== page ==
Somatic inactivating PTPRJ mutations and dysregulated pathways identified in canine malignant melanoma by integrated comparative genomic analysis

William P.D. Hendricks, Victoria Zismann, Karthigayini Sivaprakasam, Christophe Legendre, Kelsey Poorman, Waibhav Tembe, Nieves Perdigones, Jeffrey Kiefer, Winnie Liang, Valerie DeLuca, Mitchell Stark, Alison Ruhe, Roe Froman, Nicholas S. Duesbery, Megan Washington, Jessica Aldrich, Mark W. Neff, Matthew J. Huentelman, Nicholas Hayward, Kevin BrownDouglas Thamm, Gerald Post, Chand Khanna, Barbara Davis, Matthew Breen, Alexander Sekulic, Jeffrey M. Trent

Research output: Contribution to journalArticlepeer-review

23 Scopus citations


Canine malignant melanoma, a significant cause of mortality in domestic dogs, is a powerful comparative model for human melanoma, but little is known about its genetic etiology. We mapped the genomic landscape of canine melanoma through multi-platform analysis of 37 tumors (31 mucosal, 3 acral, 2 cutaneous, and 1 uveal) and 17 matching constitutional samples including long- and short-insert whole genome sequencing, RNA sequencing, array comparative genomic hybridization, single nucleotide polymorphism array, and targeted Sanger sequencing analyses. We identified novel predominantly truncating mutations in the putative tumor suppressor gene PTPRJ in 19% of cases. No BRAF mutations were detected, but activating RAS mutations (24% of cases) occurred in conserved hotspots in all cutaneous and acral and 13% of mucosal subtypes. MDM2 amplifications (24%) and TP53 mutations (19%) were mutually exclusive. Additional low-frequency recurrent alterations were observed amidst low point mutation rates, an absence of ultraviolet light mutational signatures, and an abundance of copy number and structural alterations. Mutations that modulate cell proliferation and cell cycle control were common and highlight therapeutic axes such as MEK and MDM2 inhibition. This mutational landscape resembles that seen in BRAF wild-type and sun-shielded human melanoma subtypes. Overall, these data inform biological comparisons between canine and human melanoma while suggesting actionable targets in both species.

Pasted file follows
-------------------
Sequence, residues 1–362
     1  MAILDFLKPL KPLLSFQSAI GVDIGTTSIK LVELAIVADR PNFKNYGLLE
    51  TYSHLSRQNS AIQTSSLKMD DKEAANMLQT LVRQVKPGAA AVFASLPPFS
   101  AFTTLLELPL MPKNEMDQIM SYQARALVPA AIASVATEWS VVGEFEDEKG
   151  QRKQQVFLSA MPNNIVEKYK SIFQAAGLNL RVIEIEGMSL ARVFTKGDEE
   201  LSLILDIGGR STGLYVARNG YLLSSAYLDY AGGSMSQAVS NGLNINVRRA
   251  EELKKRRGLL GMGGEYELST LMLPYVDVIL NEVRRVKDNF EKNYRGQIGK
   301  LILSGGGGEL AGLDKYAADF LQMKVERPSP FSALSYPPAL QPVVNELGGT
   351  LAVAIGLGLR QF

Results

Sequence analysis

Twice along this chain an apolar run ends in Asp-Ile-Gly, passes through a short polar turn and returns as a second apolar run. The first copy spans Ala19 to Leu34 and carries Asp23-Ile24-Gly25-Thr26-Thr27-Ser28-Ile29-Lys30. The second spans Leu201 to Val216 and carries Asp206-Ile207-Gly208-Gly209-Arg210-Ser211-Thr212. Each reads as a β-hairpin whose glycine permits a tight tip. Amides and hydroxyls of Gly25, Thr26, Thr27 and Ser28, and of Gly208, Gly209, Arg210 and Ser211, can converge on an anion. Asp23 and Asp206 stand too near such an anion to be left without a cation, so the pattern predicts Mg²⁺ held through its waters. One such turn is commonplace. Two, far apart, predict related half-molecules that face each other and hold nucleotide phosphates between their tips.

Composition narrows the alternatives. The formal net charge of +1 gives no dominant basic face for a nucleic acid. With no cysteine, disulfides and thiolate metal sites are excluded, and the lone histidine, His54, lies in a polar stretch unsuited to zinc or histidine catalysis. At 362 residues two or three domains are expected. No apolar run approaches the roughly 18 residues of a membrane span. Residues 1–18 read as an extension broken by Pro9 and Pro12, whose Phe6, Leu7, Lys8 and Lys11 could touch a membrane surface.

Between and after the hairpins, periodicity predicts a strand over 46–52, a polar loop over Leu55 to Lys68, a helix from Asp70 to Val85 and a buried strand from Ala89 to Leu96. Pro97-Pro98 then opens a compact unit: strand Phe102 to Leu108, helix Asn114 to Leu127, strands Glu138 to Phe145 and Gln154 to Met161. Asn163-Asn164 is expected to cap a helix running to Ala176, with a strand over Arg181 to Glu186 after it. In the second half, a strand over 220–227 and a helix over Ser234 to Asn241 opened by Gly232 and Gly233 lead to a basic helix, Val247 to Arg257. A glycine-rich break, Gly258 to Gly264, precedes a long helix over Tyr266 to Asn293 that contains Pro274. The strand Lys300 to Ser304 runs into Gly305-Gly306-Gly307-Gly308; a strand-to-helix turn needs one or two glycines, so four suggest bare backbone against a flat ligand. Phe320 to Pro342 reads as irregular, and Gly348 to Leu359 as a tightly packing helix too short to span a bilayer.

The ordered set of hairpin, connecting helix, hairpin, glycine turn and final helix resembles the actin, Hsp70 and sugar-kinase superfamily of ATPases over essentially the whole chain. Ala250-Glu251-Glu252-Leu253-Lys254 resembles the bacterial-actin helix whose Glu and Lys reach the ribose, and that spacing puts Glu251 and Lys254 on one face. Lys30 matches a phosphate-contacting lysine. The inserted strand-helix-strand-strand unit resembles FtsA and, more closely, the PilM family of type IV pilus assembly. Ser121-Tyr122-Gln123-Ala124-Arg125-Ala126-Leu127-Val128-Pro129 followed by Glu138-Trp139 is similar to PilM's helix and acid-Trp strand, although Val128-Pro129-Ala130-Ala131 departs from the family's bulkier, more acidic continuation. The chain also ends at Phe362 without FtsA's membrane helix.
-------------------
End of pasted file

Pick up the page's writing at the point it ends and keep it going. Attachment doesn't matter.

Original languageEnglish (US)
Article numbere1007589
JournalPLoS genetics
Issue number9
StatePublished - Sep 2018

ASJC Scopus subject areas

  • Ecology, Evolution, Behavior and Systematics
  • Molecular Biology
  • Genetics
  • Genetics(clinical)
  • Cancer Research


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